“You seem very distant,” he spoke up at last, “is something troubling you? Are you in any pain? I don’t know who let you get out of bed, you mustn't take bullet wounds lightly. Trust me, Sarah, I should know, I’ve had several. You came very near death, And yes, Fieldmore was very positive about your recovery, but you ran such a dangerously high fever for two days that he was forced to bath you in cold water to cool it then wrap you up in blankets to keep you from being chilled. Such a method can work wonders, but there was a possibility you heart wouldn’t be able to handle it. He kept saying you’ll pull through, that you had a good heart, but let me tell you, that night was the longest night in my life, and to think I had to spend it away from you.”
“Wait,” I was busy trying to calculate, “how long was I out?”
“Two days and three nights.”
“Three whole nights?” I raised my eyebrows, then knit them together, “it seemed a lot shorter than that.”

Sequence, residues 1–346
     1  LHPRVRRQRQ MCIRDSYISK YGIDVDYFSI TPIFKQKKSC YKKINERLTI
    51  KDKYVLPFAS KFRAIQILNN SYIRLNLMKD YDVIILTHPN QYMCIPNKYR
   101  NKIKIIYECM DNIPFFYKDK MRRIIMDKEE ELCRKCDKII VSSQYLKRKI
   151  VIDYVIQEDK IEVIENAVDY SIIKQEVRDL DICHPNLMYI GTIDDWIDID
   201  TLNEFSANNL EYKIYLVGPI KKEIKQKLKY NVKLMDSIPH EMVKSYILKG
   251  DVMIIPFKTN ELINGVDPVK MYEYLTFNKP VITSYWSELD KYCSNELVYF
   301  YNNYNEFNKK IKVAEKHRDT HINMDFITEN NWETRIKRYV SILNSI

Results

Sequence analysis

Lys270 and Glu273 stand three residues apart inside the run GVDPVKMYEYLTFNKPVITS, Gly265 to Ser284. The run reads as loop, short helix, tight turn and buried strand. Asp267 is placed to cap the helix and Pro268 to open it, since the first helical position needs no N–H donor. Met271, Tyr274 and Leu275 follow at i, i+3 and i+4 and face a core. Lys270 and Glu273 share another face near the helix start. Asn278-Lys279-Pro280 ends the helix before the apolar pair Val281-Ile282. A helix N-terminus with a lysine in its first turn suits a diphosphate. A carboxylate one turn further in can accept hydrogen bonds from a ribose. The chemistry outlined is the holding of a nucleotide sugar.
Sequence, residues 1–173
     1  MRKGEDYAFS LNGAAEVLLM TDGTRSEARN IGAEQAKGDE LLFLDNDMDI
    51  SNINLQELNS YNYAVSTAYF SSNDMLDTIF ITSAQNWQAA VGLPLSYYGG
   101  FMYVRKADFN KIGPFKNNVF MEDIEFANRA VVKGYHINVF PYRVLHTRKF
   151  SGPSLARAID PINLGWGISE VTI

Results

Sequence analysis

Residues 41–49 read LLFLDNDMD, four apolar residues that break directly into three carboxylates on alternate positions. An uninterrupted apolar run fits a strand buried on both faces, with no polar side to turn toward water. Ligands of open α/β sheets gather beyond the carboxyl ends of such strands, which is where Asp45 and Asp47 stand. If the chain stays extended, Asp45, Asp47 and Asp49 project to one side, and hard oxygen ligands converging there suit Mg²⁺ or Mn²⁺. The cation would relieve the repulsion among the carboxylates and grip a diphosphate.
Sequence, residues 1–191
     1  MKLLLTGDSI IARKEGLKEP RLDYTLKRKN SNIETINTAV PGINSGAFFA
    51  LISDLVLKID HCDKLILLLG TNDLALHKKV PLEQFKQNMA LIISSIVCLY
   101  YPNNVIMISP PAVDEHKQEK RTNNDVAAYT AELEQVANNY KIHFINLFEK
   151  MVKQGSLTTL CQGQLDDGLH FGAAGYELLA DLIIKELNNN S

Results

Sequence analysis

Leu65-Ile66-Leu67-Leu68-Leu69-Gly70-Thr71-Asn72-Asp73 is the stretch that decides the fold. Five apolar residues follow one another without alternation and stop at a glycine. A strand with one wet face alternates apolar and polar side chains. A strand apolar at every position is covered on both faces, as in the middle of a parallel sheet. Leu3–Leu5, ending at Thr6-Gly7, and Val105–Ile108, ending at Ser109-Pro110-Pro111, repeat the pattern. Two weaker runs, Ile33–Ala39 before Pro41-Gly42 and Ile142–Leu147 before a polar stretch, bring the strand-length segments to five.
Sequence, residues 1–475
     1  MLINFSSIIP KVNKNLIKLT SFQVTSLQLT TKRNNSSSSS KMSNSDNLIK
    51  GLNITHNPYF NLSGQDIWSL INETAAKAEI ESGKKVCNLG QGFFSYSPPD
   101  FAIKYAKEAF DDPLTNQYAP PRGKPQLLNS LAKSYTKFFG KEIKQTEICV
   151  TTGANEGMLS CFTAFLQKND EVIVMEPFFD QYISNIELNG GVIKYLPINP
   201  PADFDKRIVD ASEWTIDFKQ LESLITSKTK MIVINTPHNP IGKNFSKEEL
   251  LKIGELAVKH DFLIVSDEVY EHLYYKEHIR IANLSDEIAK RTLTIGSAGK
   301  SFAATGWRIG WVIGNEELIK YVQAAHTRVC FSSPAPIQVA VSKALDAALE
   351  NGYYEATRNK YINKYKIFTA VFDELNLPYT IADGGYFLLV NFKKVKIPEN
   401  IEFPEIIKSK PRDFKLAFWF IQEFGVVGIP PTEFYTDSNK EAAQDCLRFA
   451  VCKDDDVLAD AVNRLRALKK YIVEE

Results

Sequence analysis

It was Sammy’s turn to be confused, “Sarah, you were unconscious, how could you know how long or short it was.”
I bit my lower lip, wondering how to explain it to him. “While I was running a fever, I had a dream…or a vision, I don’t know what to call it. I was in the old basement I used to live in and Mama was there. She looked very beautiful and her face was full of peace, which was something she never had when she lived. She told me something rather strange. She said it was time for me to discover the past that everyone had kept from me. Said something about the past that is broken was the today we did not mend.”
Sammy’s face was filled with curiosity, “so, are you going to try and turn detective again? I remember last time you tried to get people to reveal the past it didn’t exactly work for you.”
“Not to mention that just about everyone who I could ask is dead or gone,” I added, “the only ones left are George, Lulu, and Kristoffs, and try getting anything out of them. I mean, I do have my mother’s diaries, but I haven’t read anything in there that wasn’t told to me by Harriet and Aunt Helen.”
“Wait, your mother’s diaries, how did you get a hold of them? And the Mistress Greensten actually told you something? Didn’t she hate you?”
“Before her death we made peace,” I softly said. “As for my diaries, Uncle Andrew told me they were in my grandfather’s old room, so I went there and took them out.”